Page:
The notebook was palm-sized with a fading yellow leather cover and fell open in my hand as I took it from the box full of other journals filled with the same spidery scrawl. My heart pounded as I flipped through its pages to the crucial month: June 1915, when the explorer Hiram Bingham’s dreams of excavating Inca cities died. And there, in angry handwriting that all but cut through the page, a Peruvian intellectual named Luis E. Valcárcel recorded what he really thought of the Yale Peruvian Expedition, which had exported Machu Picchu’s artifacts to New Haven, Connecticut. I had applied for a Fulbright study/research grant to Peru in the hope that I could find sources that might let me reconstruct Valcárcel’s challenge to the expedition. To find his actual journal – I was moved beyond belief.
Four years later, that feeling of good fortune – that rare privilege of cutting through the official version to get at the raw emotions of the past – has not faded. Just two months ago, I was lucky enough to publish a popular history based on my Fulbright research in Peru. Titled Cradle of Gold: The Story of Hiram Bingham, a Real-Life Indiana Jones, and the Search for Machu Picchu, the book explains how Bingham’s search for the last cities of the Incas helped ignite modern Peru’s passion for pre-Columbian history and incited a furious controversy over whether or not artifacts should be exported from their country of origin. The experience has been incredibly positive, but it hardly matches those moments in Peruvian libraries when I was a Fulbrighter, when kind archivists pulled me aside and suggested that I look in that box or this journal for the answers I sought. I wrote the book, in part, as a thank you to my local collaborators, to share their work beyond Peru and explain just why Yale University and Peru were still arguing over the spoils of Bingham’s expeditions.
As I write these words, I’m back in Lima again, this time as a graduate student in the Department of History at the University of Texas at Austin, continuing on my chosen career path as a writer and historian. And though I’ve been fortunate, I also know that I got to Peru on Fulbright for some key reasons – sometimes contradictory – shared by other successful applicants who received study/research grants.
1. Let your project choose you. I apologize if that comes off a little Zen. What I mean is, don’t apply solely because it’s the country you’ve always had pinned up on your bedroom wall or because it would be a cool place to research. Instead, think about what you have to give, the key questions that you feel like only you can ask, and then find the place that most needs those questions answered – the only place where those questions can truly be answered. If you do feel a deep connection to the site, all the better – but what makes your application stand-out – whether you’re a graduating senior. a graduate student or a young professional – is the matching of your sensitive questions to the site, your demonstration that you are the best person to ask them in that time and place. At their best, Fulbright projects are urgent, original, sensitive, and deeply serious about their goals and their modern relevance – be it historical analysis, choreography, or learning about local water management. That said…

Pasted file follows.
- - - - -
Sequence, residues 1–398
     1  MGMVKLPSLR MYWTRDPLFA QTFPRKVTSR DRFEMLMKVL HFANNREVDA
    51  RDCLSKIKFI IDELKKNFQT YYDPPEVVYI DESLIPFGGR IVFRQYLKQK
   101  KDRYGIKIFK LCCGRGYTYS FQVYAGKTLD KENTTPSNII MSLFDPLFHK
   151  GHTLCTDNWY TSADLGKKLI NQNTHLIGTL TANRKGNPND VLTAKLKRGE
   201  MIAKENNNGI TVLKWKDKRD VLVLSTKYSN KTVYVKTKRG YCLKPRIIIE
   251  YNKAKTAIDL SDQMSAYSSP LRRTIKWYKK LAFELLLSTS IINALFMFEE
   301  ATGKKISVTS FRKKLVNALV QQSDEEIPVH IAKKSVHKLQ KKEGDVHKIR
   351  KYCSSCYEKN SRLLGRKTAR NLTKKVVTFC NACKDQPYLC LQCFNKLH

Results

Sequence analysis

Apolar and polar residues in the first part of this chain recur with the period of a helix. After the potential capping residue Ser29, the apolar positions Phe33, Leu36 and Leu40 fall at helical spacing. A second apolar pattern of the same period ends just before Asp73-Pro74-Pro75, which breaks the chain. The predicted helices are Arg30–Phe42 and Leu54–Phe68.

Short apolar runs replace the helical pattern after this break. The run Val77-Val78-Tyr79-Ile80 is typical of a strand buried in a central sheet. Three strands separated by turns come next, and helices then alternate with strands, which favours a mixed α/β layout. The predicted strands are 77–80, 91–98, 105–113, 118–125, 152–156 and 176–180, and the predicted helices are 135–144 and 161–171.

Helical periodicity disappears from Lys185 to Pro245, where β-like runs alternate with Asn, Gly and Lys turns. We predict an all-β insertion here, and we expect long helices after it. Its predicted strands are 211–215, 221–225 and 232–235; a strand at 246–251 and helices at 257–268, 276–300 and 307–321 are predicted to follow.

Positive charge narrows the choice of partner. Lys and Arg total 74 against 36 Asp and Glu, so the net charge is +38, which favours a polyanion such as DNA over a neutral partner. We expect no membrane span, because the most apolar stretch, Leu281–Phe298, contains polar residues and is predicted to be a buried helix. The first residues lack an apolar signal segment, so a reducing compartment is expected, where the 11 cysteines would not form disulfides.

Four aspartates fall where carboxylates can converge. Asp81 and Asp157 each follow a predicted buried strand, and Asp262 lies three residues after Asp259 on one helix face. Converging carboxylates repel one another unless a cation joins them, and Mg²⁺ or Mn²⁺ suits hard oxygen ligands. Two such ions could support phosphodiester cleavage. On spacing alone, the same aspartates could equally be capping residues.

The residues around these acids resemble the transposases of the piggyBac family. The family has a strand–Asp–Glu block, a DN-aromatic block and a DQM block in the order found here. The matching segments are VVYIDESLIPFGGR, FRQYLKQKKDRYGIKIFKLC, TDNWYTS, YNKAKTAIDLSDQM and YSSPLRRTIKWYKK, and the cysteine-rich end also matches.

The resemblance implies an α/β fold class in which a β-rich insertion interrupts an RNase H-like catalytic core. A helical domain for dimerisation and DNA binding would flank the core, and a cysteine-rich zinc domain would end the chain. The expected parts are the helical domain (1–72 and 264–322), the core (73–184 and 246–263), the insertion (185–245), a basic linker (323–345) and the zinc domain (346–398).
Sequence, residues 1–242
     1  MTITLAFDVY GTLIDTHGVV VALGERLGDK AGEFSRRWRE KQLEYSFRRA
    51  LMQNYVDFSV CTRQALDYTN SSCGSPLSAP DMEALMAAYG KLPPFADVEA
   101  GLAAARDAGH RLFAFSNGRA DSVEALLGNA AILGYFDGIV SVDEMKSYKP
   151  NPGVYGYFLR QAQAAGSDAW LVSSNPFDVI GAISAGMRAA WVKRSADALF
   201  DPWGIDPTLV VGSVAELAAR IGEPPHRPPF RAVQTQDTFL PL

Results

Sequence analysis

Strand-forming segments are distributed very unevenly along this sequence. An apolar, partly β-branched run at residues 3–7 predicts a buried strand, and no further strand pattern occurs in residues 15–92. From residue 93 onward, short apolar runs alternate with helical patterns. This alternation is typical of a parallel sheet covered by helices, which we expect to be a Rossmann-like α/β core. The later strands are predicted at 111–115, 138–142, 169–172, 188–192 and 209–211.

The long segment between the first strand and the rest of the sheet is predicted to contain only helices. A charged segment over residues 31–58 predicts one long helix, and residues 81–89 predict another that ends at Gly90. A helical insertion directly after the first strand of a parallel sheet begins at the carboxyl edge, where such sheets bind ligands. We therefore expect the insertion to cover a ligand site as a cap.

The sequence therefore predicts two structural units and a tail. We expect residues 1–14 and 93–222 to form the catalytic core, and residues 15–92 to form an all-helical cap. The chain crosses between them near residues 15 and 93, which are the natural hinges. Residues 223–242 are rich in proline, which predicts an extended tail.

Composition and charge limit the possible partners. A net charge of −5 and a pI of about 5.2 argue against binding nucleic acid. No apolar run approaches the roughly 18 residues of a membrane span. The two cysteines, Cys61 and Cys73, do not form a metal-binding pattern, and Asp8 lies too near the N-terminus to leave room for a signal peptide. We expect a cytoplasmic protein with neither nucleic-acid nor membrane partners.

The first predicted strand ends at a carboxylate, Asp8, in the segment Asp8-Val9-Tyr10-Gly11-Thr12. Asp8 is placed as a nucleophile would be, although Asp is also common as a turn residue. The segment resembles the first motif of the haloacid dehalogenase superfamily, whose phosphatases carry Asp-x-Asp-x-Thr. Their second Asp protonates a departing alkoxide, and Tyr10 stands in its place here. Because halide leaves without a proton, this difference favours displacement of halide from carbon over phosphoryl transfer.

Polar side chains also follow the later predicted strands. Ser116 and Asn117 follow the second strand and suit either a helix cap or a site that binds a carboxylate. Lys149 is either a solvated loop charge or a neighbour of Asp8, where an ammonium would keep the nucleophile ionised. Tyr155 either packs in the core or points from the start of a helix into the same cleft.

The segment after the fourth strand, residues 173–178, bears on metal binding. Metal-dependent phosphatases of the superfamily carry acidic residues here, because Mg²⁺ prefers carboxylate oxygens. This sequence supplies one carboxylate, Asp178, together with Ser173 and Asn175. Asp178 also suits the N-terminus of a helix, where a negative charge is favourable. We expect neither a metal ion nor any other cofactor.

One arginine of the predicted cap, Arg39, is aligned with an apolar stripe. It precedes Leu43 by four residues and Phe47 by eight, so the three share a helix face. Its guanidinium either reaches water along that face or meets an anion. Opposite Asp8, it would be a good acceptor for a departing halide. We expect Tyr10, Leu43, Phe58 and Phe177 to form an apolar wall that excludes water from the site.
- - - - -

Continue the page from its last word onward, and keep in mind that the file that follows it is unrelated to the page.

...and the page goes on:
2. Temper that passion with responsibility. Do your homework. There are questions that are poorly timed, but there are also questions that are so well-timed that they will put you or your project at risk. Once you have an idea of what you want to do, don’t spend months writing and crafting before talking to your Fulbright Program Adviser (FPA) (if you’re applying At-large and not through an FPA, you should still seek out advice from professors, teachers colleagues, etc.) or experts in the country or finding a host institution. Immediately begin making contacts, bouncing ideas off them, making sure that what you want to do is feasible or desired by the host country and institution, laboratory, conservatory, NGO, etc. – and then write. Your application will bear the marks of that collaboration. It will serve a local purpose. It will show that you have already created the relationships that will carry you through if you get to the country and realize that your specific idea is no longer feasible. Which leads me to …
3. Be open beforehand and adaptable once you’re on the ground. Projects do change. Another country’s Fulbright Commission director once told me that she’s surprised when they don’t. Your questions should provoke new questions, which should then change what you’re trying to learn or contribute. Although your application should demonstrate how well-thought-out and sincere your idea is, it should also show that you are not dogmatic – that you’re not looking to confirm old answers, radical or conservative. Be sensitive. Sit and listen. Keep a journal or blog. Realize that what you’re meant to deliver might not be an academic product, but a creative or social one, and vice versa.
4. Understand – and remember – how this project fits into your larger goals. The application process is only the beginning. You should show not only how you’ve reached this moment, but also where you hope to go with it. Be ambitious and bold with your goals, even if they change. Write the book. Make the movie. Create the website. And once you’re on the ground, keep up those connections and deliver, so that you can then turn around – as I’m doing this month – and hand back your finished project with deep, heartfelt thanks to the Fulbright Program and those that helped you along the way. It’s a great, great feeling.
Photo: Christopher Heaney, 2005-2006, Peru, relaxes after climbing Huayna Picchu, the peak overlooking the Inca site of Machu Picchu, whose archaeological history he studied as part of his Fulbright grant.